The United States Court of Appeals for the District of Columbia Circuit recently decided a case with a number of issues of interest to architects. This article will address the copyright issues resulting from Sturdza v United Arab Emirates.1 (The other issues, including the effect of the architect's violation of a licensing law on her contract and quantum meruit claims, as well as others, will be addressed in a future column.)
In 1993, the United Arab Emirates (UAE) held a design competition for a new embassy and chancery building to be constructed in Washington, D.C. The plaintiff, Elena Sturdza, submitted a design, as did the defendant, Angelos C. Demetriou of Demetriou and Associates. Sturdza was informed she had won the competition, and over the next two years, she and UAE conducted contract negotiations. A year later, the owner asked Sturdza to perform geotechnical engineering services and defer billing for those services because they were "about to sign the contract."
In 1996, UAE made several changes to the draft contract and sent the document to Sturdza, who informed them she agreed to their changes. Thereafter, UAE ceased all contact with Sturdza, neither signing the contract nor responding to her repeated efforts to make contact.
In late 1997, Sturdza learned UAE had presented an embassy design to the National Capital Planning Commission. Upon obtaining a copy of the design, she not only learned it was prepared by Demetriou, but that it differed from his competition entry. She alleged his new plan copied and appropriated many of the design features that were hallmarks of her design.
Sturdza filed suit in federal court, claiming copyright infringement along with several other claims. The trial court granted summary judgment in favor of the defendants on many of her claims and dismissed the remainder. On appeal, the court reversed the summary judgment and sent the case back to the lower court for trial on the copyright issue.
To prevail in a copyright action, the plaintiff must prove both ownership of a valid copyright and that the defendant copied original or 'protectible' aspects of that copyright. Here, there was no question the plaintiff had obtained a copyright certificate for her work. As to the second element, the plaintiff must not only show the defendant actually copied her work, but that their work is "substantially similar" to the protectible elements of her own work. In this case, the defendants did not dispute Demetriou actually copied Sturdza's design, arguing instead that she could not prove substantial similarity.
Once again, a two-part test is required to determine whether substantial similarity exists. The first step is identifying what aspects of the architect's work, if any, are protectible by copyright. Here, the law states "no author may copyright facts or ideas." What can be copyrighted, however, is the expression of the author's originality. Anything on a drawing that is factual in nature, or is merely an idea, cannot be copyrighted.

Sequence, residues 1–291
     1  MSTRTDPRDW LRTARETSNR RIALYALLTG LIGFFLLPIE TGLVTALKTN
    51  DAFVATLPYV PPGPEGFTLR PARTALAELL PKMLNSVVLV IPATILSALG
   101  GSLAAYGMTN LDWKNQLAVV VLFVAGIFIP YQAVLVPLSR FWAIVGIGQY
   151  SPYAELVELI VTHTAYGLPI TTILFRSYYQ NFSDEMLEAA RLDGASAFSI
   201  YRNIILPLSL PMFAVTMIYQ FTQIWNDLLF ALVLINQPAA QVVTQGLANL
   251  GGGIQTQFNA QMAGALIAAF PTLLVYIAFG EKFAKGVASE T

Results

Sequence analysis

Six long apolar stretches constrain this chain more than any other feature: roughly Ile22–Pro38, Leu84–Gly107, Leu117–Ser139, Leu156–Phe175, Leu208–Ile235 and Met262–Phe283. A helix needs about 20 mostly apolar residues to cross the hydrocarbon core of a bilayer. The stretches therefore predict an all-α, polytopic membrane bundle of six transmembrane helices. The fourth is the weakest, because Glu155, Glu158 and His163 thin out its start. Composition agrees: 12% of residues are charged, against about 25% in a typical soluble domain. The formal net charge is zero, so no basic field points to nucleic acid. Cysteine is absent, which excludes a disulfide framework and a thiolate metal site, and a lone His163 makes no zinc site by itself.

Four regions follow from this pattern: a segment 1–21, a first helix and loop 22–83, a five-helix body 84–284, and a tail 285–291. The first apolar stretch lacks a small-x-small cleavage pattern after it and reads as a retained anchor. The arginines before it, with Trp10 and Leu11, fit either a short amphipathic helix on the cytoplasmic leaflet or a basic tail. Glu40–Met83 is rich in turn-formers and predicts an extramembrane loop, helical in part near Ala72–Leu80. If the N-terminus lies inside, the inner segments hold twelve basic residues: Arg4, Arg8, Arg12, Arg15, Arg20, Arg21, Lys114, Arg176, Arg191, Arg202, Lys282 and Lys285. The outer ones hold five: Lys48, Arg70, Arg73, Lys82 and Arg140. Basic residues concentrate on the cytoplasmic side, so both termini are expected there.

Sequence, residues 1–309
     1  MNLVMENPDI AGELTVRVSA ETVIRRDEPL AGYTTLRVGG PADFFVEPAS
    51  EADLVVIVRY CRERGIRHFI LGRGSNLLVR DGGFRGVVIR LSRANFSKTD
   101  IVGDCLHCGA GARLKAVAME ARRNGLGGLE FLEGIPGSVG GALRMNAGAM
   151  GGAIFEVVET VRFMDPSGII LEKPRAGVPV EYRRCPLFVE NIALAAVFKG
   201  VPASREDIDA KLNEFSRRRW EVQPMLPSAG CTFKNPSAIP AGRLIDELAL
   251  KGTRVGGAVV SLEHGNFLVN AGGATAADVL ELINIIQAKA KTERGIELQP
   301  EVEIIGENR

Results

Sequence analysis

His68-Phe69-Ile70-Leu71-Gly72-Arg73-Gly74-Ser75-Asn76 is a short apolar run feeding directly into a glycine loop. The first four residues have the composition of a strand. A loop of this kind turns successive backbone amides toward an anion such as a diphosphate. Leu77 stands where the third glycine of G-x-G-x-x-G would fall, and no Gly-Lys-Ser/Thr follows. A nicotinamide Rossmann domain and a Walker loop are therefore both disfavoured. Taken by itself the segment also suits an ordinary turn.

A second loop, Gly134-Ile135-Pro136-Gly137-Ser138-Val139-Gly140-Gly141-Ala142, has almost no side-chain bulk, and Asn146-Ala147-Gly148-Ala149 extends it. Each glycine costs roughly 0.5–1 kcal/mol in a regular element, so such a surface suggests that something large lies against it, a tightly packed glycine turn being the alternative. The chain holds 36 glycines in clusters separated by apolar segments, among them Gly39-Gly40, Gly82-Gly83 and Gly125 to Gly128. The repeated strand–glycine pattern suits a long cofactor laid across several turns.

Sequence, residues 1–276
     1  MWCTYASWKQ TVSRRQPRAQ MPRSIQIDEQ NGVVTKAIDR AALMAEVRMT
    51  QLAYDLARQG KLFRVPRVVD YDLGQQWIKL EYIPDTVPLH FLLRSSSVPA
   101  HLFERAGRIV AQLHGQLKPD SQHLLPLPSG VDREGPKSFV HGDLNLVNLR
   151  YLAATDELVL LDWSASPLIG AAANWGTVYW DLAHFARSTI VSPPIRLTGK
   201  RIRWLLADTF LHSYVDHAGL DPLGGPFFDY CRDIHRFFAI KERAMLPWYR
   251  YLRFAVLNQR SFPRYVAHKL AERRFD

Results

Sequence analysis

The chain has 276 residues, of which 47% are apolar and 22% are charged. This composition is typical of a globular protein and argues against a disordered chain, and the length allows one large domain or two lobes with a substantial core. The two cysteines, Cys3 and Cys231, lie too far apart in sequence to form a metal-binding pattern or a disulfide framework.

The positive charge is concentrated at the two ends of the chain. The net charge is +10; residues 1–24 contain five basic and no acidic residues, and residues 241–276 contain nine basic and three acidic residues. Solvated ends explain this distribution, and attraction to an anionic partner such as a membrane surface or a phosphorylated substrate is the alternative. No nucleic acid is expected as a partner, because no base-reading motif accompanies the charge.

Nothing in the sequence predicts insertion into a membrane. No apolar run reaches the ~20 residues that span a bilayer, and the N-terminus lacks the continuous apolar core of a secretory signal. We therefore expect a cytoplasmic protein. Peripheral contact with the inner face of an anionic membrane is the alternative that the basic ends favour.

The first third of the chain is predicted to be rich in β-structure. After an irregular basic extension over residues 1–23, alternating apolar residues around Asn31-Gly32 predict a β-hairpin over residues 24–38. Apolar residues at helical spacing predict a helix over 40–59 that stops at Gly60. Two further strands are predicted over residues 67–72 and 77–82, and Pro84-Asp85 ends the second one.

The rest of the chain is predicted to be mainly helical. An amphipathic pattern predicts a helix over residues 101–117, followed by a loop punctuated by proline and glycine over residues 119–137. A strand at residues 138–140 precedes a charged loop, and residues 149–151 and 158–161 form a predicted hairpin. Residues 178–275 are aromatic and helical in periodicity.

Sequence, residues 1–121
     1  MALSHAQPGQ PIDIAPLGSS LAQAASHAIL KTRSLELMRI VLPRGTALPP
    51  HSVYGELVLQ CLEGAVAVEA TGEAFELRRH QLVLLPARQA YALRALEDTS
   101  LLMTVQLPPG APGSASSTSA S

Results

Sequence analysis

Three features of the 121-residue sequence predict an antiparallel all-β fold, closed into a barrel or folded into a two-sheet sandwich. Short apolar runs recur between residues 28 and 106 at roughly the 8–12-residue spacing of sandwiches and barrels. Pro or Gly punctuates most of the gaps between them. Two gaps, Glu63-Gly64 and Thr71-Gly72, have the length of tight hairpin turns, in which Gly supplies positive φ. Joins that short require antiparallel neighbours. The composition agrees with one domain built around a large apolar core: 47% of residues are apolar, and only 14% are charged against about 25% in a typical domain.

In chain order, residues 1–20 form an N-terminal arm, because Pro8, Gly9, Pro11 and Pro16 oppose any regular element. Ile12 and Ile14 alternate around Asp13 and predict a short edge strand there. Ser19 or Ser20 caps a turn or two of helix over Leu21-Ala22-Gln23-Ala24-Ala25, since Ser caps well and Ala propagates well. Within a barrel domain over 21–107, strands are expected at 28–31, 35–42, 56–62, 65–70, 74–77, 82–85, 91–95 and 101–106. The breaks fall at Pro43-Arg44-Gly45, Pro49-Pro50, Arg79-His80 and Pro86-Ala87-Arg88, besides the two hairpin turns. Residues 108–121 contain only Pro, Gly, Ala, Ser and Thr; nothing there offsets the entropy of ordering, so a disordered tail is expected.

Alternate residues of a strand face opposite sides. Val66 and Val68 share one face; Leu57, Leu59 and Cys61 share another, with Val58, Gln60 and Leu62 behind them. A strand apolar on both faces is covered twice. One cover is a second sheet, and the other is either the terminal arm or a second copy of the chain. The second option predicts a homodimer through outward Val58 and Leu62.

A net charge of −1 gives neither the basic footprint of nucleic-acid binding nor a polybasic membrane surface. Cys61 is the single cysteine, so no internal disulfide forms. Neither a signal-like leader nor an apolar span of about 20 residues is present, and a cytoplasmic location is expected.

The second step involves the concept of scenes a faire, which is defined as "incidents, characters, or setting, which are as a practical matter indispensable, or at least standard, in the treatment of a given topic." For example, one cannot claim a copyright for the inclusion of windows, bathrooms, and bedrooms in a house where they are expected, but one could copyright the expression of those elements - i.e. their precise placement and size in relation to one another.
Once these unprotected elements, ideas, and scenes a faire are removed from consideration, the next step involves determining whether the allegedly infringing work is substantially similar to the protectible elements of the architect's work. Such similarity exists when the infringing work is so similar to the plaintiff's, a reasonable person would conclude the defendant unlawfully appropriated the plaintiff's protectible expression. This determination requires comparison of the two works' overall look and feel. It is not minute differences that count, but the overall similarities between the two.
In applying these concepts, the appellate court held there were sufficient similarities between the two designs to require a jury trial. When comparing protectible elements such as wind-towers, parapets, pointed domes, arches, and columns, Judge Tatel said:
Thus, the summary judgment was reversed. The court also stated it does not really matter how the defendant arrived at the final plans, only whether they were substantially similar. (Interim designs can often show independent creation by a second architect which can be a defense to a copyright action, but this was not applicable in the Sturdza case.)
Finally, the court also questioned the use of expert witnesses to prove substantial similarity among architectural drawings, suggesting lay observers should be the ones to determine substantial similarity. This leaves open the question as to whether any expert testimony will be allowed in similar cases.
1 Sturdza v United Arab Emirates, 281 F.3d 1287,62 U.S.RQ. 1071 (DCC, 2002).
Werner Sabo, Esq., CSI, FAIA is an architect, attorney, and partner with the Chicago law firm of Sabo & Zahn.
James K. Zahn, Esq., CSI, FAIA is also an architect, attorney and partner with Sabo & Zahn, as well as a member of the AIA National Documents Committee.
Reprinted with permission of The Construction Specifications Institute, 99 Canal Center Plaza, Suite 300, Alexandria, VA 22314, from the Construction Specifier.